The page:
In addition, a host of persistent negative supply shocks over the medium term could dampen growth over time and drive up production costs, which would increase inflationary pressure. As I have noted previously, such shocks could come from de-globalization and rising protectionism, balkanization of global supply chains, aging populations in developing and emerging economies, migration restrictions, “ Sino-American decoupling of the effects of climate change on commodity prices, pandemics, cyber warfare and the backlash against income and wealth inequalities.

In this scenario, nominal bond yields would rise much more as inflation expectations lose their anchor. And real yields would also be higher (even if central banks were to lag behind), as rapid and volatile price growth would increase risk premiums on longer-term bonds. Under these conditions, equity markets would be poised for a sharp correction, potentially into bearish territory (reflecting a decline of at least 20% from their last peak).

The last scenario would be that of a slowdown in growth. Weaker aggregate demand would prove not only to be a transitory fear, but a harbinger of the new normal, especially if monetary and fiscal stimulus are withdrawn too soon. In this case, weaker aggregate demand and slower growth would lead to lower inflation, stocks would correct to reflect weaker growth prospects, and bond yields would continue to fall (as real yields and expectations of inflation would be lower).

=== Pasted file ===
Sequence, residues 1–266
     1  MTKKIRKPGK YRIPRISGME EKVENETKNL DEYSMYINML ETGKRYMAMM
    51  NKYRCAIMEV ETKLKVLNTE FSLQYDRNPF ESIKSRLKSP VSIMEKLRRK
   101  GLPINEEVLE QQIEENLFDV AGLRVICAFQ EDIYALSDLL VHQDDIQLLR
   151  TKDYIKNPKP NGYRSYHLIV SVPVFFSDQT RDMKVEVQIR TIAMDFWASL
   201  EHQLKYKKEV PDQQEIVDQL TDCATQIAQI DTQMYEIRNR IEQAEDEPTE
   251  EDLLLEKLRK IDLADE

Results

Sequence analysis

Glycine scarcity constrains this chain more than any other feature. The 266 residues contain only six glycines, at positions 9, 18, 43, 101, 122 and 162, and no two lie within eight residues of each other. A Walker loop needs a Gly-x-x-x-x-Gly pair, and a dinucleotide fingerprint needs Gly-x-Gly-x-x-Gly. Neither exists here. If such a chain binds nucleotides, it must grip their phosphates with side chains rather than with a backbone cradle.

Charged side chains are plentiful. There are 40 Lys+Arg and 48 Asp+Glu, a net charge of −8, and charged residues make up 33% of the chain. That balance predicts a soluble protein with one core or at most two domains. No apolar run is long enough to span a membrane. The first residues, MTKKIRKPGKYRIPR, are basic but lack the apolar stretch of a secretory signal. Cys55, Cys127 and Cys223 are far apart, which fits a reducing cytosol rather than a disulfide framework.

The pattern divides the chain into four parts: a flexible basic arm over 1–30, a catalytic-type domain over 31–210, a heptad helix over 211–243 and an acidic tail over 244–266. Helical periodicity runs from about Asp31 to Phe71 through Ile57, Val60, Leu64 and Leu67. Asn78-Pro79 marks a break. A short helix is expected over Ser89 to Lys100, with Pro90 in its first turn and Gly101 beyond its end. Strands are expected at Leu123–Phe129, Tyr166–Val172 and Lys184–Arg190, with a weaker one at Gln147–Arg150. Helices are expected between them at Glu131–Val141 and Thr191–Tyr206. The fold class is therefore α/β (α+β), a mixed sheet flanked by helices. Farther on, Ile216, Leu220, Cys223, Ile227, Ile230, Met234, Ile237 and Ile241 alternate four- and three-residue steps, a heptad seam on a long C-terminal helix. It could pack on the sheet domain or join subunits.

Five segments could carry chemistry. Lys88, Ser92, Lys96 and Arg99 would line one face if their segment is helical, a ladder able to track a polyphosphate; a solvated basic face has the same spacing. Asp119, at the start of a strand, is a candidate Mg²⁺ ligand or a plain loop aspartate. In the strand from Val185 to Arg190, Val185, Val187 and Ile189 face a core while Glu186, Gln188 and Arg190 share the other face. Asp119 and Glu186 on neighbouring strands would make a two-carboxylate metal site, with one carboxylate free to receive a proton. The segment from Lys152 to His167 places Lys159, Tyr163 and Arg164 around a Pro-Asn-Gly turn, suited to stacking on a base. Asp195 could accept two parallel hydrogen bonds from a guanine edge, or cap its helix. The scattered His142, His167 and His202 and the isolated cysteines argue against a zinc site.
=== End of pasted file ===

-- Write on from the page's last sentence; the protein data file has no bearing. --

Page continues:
Most likely scenario

Which of these four scenarios is most likely?

While most market analysts and policymakers have pushed the Goldilocks scenario, I fear the overheating scenario is no longer salient. Given today’s lax monetary, fiscal and credit policies, the fading of the delta variant and associated supply bottlenecks will cause growth to overheat and leave central banks stuck between. the hammer and the anvil.

Faced with a debt trap and persistently above target inflation, they will almost certainly weaken and fall behind, even if fiscal policies remain too loose.

But in the medium term, as various lingering negative supply shocks hit the global economy, we could end up with stagflation or overheating much worse than mild stagflation: total stagflation with much lower growth and inflation. higher. The temptation to reduce the real value of large nominal fixed-rate debt ratios would lead central banks to adjust to inflation, rather than fighting it and risking an economic and stock market crash.

But debt ratios (both private and public) today are significantly higher than they were in the 1970s, during a period of stagflation. Public and private officials with too much debt and much lower incomes will face insolvency once inflation risk premiums push real interest rates up, paving the way for debt crises stagflationist against which I warned.

The Panglossian scenario that is currently embedded in the financial markets could eventually become a pipe dream. Rather than focusing on Goldilocks, economic watchers should remember Cassandra, whose warnings were ignored until it was too late.

Nouriel Roubini, Professor Emeritus at the Stern School of Business at New York University, is Chief Economist at Atlas Capital Team and CEO of Roubini Macro Associates.

This comment was posted with permission from Project Syndicate – Goldilocks is Dying